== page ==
While I was making up my mind whether to break down and file a formal application with the government, I discovered a little squib on a Cigna site.  Cigna doesn't offer any catastrophic coverage (big surprise), but they were kind enough to provide a better explanation than "you really wouldn't like this; go log onto and leave us alone."  They explained the special December 2014 expansion of the hardship exemption that I mentioned above, and they added one more piece of information that kills the whole deal for us:  pre-existing conditions are excluded from catastrophic coverage by a special exemption from both HIPPA and ACA requirements.  We have semi-affordable catastrophic coverage now with no pre-existing condition exclusion, because we bought it a long time ago when we were healthy, the way you're supposed to.  But now that it's being taken away because it's not good for us, the only way to replace it with catastrophic coverage is to lose coverage for the pre-existing conditions we've thoughtlessly developed in the meantime.  Because, you know, the whole point of the ACA was that pre-existing condition exclusions are a crime against humanity.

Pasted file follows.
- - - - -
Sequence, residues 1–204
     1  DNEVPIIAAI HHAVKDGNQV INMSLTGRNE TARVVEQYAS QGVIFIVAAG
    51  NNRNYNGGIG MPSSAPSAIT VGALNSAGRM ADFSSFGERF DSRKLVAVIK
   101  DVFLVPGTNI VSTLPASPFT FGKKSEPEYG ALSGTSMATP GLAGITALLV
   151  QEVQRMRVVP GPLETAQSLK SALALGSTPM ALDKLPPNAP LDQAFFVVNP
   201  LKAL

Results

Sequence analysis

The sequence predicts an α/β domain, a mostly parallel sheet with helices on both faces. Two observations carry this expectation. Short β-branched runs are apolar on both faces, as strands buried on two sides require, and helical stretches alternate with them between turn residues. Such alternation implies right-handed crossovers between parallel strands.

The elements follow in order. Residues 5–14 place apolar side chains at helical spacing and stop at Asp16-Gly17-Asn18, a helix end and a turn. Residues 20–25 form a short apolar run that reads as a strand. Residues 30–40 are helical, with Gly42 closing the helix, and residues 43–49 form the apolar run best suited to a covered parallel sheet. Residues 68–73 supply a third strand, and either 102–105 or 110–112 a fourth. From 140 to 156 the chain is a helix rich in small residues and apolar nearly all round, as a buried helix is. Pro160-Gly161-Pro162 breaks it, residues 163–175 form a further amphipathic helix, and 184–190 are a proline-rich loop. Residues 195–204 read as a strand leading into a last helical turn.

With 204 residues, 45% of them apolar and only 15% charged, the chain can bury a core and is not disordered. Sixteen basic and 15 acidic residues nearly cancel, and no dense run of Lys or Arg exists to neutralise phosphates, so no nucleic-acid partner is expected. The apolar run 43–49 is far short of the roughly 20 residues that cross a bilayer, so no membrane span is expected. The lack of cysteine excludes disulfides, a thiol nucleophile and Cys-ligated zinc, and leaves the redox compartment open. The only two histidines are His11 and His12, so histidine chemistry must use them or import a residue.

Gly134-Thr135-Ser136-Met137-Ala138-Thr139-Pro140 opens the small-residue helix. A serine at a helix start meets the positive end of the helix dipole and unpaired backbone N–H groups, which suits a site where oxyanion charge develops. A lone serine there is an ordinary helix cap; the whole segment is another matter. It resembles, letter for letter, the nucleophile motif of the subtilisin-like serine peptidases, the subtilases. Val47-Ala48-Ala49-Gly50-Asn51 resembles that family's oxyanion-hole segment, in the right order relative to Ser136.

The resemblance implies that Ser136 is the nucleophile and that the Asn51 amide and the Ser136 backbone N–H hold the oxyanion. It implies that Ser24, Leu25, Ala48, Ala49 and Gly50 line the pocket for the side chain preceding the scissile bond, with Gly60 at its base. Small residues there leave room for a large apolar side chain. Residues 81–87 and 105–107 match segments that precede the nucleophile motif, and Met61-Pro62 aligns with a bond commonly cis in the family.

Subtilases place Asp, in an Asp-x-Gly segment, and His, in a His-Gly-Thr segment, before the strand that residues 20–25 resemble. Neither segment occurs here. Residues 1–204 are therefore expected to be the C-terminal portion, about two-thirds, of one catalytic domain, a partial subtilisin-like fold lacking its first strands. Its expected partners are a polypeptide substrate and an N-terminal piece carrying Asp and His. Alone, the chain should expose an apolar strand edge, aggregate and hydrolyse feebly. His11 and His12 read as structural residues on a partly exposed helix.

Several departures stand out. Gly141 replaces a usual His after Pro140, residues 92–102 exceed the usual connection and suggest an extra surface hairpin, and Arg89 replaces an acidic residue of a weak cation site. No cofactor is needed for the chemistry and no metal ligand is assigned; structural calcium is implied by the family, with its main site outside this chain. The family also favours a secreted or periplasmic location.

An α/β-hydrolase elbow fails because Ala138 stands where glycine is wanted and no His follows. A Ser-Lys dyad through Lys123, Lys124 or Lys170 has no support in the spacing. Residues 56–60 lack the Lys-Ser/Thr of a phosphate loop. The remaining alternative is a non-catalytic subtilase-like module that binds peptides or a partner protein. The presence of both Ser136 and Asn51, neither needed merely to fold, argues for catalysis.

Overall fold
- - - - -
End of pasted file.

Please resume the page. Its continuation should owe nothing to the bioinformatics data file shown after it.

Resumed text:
What's more, even if we didn't have pre-existing conditions, there's an admirable Catch-22:  despite the President's December 2014 announcement, the bureaucrats insist that you have to establish a "hardship."  If your income is too low, you may have a hardship, but it doesn't count because you can get a subsidy.  If your income is too high, you can't get a subsidy, but they'll insist you don't have a hardship, and you can't get permission to buy a catastrophic plan.